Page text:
By: Matthew Ryan
During the Presidential primary season, one public health issue has gotten particular attention: heroin drug addiction. Candidates from both parties have spoken eloquently and passionately about the need to resolve drug addiction with public health solutions. The current language and proposals are far different from tough law-and-order rhetoric from the 1980s during the cocaine addiction epidemic. These differences should not be overlooked: they should inform how race impacts our perceptions as both public health practitioners and policy-makers.
In a post on Medium, Jeb Bush spoke vulnerably about his daughter’s heroin addiction. He wrote, “As a father, I have felt the heartbreak of drug abuse. I never expected to see my precious daughter in jail… She went through hell… and so did I.”
Carly Fiorina has also spoken powerfully about losing her stepdaughter to drug addiction. In an email to supporters, she was emphatic, “If you’re criminalizing drug abuse and addiction, you’re not treating it—and you’re part of the problem.” Continue reading
By Matt Ryan
Following the Supreme Court’s decision in NFIB v. Sebelius, states have had the option whether to expand Medicaid or not. As of this writing, 30 states and the District of Columbia have expanded Medicaid. Kentucky was the only Southern state that decided to expand Medicaid and run their own exchange. The decision brought great success. Under Democratic Governor Steve Beshear, Kentucky saw their uninsured population drop by 10.6% from 2013 to 2014. As Governor Beshear put it, Kentucky was the “poster-child for the implementation of the ACA.”
Last month, Kentucky elected Matt Bevin governor. Mr. Bevin, a Republican, had promised to dismantle Medicaid and the insurance exchange. When asked about Medicaid early in his campaign, Mr. Bevin responded, “No question about it. I would reverse that immediately.” Many feared that Mr. Bevin’s election put Medicaid in critical condition. But since his election, Mr. Bevin has shifted his position.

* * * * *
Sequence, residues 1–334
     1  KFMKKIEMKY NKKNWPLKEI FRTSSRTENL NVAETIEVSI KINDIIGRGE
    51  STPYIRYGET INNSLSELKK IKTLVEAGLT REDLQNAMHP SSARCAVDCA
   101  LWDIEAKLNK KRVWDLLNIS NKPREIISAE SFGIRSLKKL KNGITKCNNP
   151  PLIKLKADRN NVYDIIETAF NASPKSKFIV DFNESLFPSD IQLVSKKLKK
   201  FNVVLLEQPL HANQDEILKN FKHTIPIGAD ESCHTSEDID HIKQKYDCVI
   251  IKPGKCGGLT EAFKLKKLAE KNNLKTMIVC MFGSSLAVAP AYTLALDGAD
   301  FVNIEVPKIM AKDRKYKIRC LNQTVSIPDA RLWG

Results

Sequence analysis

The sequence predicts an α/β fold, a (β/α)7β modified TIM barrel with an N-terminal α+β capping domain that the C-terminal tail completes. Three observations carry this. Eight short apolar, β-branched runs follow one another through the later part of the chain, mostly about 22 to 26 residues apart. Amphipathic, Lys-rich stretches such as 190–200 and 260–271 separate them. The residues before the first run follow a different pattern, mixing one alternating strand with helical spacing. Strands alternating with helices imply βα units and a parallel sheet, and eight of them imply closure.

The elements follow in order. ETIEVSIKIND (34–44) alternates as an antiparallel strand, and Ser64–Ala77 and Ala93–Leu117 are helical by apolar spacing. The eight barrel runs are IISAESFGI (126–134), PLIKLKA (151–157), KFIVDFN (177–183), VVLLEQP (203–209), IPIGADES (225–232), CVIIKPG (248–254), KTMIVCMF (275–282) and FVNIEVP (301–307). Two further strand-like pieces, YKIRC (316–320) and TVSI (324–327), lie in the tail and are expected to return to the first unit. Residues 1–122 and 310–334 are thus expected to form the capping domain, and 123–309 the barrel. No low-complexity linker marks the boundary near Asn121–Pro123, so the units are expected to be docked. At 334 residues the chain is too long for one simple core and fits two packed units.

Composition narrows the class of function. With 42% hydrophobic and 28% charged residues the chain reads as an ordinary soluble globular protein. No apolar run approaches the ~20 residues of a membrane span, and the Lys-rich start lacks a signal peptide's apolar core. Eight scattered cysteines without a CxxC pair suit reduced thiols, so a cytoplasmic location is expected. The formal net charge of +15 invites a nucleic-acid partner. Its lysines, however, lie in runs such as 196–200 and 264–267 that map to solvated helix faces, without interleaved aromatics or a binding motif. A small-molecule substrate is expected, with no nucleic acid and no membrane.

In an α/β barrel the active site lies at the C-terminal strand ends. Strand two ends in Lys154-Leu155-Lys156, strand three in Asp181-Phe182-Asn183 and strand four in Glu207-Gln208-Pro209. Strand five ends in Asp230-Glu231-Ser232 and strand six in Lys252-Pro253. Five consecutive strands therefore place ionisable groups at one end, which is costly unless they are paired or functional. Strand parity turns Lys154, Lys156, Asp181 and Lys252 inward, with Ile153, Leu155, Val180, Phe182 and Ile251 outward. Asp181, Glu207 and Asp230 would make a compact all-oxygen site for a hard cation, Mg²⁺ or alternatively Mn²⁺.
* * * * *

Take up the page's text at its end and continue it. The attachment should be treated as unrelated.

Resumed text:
By Matthew Ryan, Harvard Health Law Society
With the final judgment in King v. Burwell this summer upholding federal subsidies for health insurance, many legal analysts believed that lawsuits against the Affordable Care Act had ended. But the House of Representatives had other plans. In July of 2014, the House of Representatives voted on partisan lines to sue President Obama for overstepping his constitutional bounds. The House alleged that the President did not faithfully execute the Affordable Care Act with regard to two executive actions. First, the Obama Administration authorized payments to insurance companies to assist with cost sharing. The House argued Congress never appropriated these funds. Second, the House alleged that the Obama Administration unlawfully delayed the employer mandate at a $12 billion cost to taxpayers.
In September, the United States District Court for the District of Columbia cleared a major hurdle for the House: the court granted standing to the plaintiffs for their challenge to the Administration authorizing cost sharing funds without Congressional appropriation. The court did not grant standing with regards to the employer mandate implementation. Continue reading
By George Maliha, Harvard Health Law Society
As flu season begins, we are bombarded by ubiquitous reminders to get our flu shot. So, it is a good opportunity to reflect on how we provide vaccines to our fellow citizens 65 and older. By law, Medicare Part B covers 4 preventive vaccines (flu, two pneumococcal, and hepatitis B for medium-to high-risk patients). Part D picks up the rest, namely shingles, TDaP, and any other commercially available vaccine. But, that’s where the trouble begins.
When Congress passed Part D, the vaccines recommended for those 65 or older were basically covered by Part B. Now, they aren’t. In 2006, the zoster (or shingles) vaccine came onto the market. In 2010, the recommendations for the TDaP (the P for pertussis or whooping cough being the most relevant here) changed to include the elderly.
But, so what, they’re still covered, right? Continue reading
The Harvard Health Law Society (HHLS) is a student organization at Harvard Law School, dedicated to exploring issues at the intersection of health and law while connecting students and experts for active engagement. It is made up of students at Harvard Law, as well as other Harvard students, interested in health policy, health care law, biotechnology, bioethics, health and human rights, and a range of other health and law topics.
We are excited to announce that, as part of an ongoing collaboration with the Petrie-Flom Center, members of the Health Law Society will be contributing bloggers this year. Our first two bloggers will be:
HLS Class of 2017
HLS Class of 2018
Welcome to Bill of Health, HHLS!